The American Academy of Pediatrics (AAP) is recommending that pediatricians include a question about poverty to their wellness exams. Many experts agree, and studies support, that poverty can have a major impact on a child’s heath.
The AAP’s new recommendation states that pediatricians should start assessing children for their poverty status. The screening begins with a single question — asking parents whether they have difficulty in making ends meet at the end of the month.
According to the National Center for Children in Poverty (NCCP), there are more than 16 million U.S. children (22% of all children) living below the federal poverty level of $23,550 a year for a family of four.
Growing evidence suggests that the stress of not having safe and secure housing, regular meals and a stable home environment can lead to significant health problems in children.
“We know children living in poverty have more chronic disease, more severe chronic disease, and have poor early brain development which can impact them when they get to school, and lead to poor academic performance,” says Dr. Benard Dreyer, president of the AAP. “Pediatricians deal on a daily basis with the intersection between poverty and health and the well being of children. They understand that they actually aren’t separate.”
The recommendation offers a process to make it easier for doctors who aren’t sure about how to address the issue. The screening doesn’t have to be performed by the doctor, but can be part of a checklist that parents fill out while waiting for their well child visit, or, in larger practices, could be conducted by a quick interview with office staff or social workers.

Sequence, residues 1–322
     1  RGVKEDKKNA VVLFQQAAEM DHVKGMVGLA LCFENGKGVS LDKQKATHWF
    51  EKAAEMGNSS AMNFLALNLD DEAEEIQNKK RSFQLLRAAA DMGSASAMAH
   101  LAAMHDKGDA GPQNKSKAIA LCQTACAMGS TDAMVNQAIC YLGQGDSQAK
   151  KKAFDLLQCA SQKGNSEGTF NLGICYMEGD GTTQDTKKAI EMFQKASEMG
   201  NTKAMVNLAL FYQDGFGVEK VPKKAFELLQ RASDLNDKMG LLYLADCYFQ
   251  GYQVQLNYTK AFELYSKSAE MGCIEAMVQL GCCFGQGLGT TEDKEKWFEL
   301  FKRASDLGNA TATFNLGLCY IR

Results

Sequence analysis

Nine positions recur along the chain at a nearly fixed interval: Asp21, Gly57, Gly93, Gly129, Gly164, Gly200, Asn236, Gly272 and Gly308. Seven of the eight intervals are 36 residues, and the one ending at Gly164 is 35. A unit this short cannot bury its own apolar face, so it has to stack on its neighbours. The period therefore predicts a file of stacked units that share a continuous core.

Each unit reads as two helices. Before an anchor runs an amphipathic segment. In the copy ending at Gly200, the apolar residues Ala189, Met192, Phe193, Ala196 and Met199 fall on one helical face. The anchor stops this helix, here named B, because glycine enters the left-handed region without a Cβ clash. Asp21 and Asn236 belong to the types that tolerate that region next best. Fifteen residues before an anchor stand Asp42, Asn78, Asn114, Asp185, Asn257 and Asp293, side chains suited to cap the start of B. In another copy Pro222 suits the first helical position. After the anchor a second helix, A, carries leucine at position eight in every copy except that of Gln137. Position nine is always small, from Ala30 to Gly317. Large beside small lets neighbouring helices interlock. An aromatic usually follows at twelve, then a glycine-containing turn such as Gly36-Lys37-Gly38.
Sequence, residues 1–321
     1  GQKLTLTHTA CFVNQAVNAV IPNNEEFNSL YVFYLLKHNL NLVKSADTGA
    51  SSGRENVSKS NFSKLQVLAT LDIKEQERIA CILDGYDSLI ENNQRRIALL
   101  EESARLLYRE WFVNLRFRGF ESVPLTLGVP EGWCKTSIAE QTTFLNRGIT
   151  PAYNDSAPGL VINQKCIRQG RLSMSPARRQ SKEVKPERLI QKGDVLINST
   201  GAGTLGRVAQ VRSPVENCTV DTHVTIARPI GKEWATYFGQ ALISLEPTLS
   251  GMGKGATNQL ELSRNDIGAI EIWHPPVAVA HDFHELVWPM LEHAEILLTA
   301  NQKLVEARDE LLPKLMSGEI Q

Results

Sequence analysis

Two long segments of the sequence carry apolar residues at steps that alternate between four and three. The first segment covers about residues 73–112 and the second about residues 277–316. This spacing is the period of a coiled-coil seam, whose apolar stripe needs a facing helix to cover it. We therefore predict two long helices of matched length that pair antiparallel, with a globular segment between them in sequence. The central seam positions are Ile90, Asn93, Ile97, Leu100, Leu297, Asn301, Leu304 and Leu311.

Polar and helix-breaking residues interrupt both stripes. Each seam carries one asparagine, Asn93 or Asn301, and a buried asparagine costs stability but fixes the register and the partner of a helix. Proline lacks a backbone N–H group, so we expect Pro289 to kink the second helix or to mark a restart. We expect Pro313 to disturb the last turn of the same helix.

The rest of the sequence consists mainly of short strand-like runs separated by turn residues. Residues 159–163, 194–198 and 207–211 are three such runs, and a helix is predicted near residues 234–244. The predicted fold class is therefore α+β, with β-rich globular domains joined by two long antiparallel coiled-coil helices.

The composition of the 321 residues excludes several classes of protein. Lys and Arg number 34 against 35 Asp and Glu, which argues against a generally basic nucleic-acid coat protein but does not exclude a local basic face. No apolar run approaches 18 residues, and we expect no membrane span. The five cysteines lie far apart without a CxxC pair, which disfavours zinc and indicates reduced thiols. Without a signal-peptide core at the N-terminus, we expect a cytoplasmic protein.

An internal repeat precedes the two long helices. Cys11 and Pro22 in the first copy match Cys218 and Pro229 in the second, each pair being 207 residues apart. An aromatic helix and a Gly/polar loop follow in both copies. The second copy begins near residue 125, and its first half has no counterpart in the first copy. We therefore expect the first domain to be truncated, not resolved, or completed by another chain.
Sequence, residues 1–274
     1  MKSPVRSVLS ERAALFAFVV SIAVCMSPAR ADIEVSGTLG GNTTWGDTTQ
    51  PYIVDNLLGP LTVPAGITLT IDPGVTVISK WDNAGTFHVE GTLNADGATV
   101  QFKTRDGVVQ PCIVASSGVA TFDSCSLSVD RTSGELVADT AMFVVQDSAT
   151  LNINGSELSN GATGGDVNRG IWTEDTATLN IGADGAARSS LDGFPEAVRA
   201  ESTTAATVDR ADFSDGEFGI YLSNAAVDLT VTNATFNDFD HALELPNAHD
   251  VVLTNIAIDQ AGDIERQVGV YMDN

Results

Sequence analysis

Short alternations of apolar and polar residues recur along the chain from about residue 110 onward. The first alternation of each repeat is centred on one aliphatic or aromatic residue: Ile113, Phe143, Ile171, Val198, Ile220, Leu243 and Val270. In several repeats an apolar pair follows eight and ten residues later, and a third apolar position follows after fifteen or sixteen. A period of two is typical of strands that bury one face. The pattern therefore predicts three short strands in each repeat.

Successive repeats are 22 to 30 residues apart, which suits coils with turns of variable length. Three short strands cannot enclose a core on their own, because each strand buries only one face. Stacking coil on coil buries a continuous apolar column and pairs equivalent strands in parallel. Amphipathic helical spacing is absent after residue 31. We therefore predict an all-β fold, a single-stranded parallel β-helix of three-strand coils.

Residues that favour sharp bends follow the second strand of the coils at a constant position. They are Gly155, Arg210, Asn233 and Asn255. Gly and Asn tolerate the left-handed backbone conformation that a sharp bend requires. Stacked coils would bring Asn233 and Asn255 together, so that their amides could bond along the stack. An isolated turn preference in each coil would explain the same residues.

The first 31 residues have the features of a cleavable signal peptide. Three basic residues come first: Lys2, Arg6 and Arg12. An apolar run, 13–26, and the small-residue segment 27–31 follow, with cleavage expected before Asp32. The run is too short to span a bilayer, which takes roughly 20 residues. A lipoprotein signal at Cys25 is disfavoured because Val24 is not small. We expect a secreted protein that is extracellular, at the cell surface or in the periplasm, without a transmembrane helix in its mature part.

Pediatricians are also given guidelines to help connect financially struggling families with the proper resources to help them find local housing bureaus, food pantries and even job listings. The hope, says Dreyer, is to help the 50% of families who currently qualify for additional support but aren’t getting it to access the resources they need. “Many pediatricians are already doing this, and helping families who have been evicted or connecting them to local food pantries. What we want to do is to give them more resources,” says Dreyer.
Children in deep poverty, whose family income is below 50 percent of the federal poverty line, do even worse on health and development indicators than children in poverty according to a study released by the National Center for Children in Poverty (NCCP) at Columbia University's Mailman School of Public Health. The study compared the wellbeing of children in deep poverty to children that are poor, but not in deep poverty, and to non-poor children.
The worse off the family’s financial situation is, the more likely a child will suffer from health and developmental problems such as stress, anxiety, obesity and elevated lead levels.
With the recommendation, the academy is also urging state and federal lawmakers to expand existing housing, food and health programs. “In order for kids to thrive, we recognize that the community, family and social aspects of their existence may be even more important than many of the medical things they may be dealing with,” says Dreyer. “Poverty is the most serious non communicable disease that children have — and it’s the most common.”
The new recommendations were published in the journal Pediatrics.
Story Source: Alice Park, http://time.com/4251653/pediatricians-should-screen-all-children-for-poverty/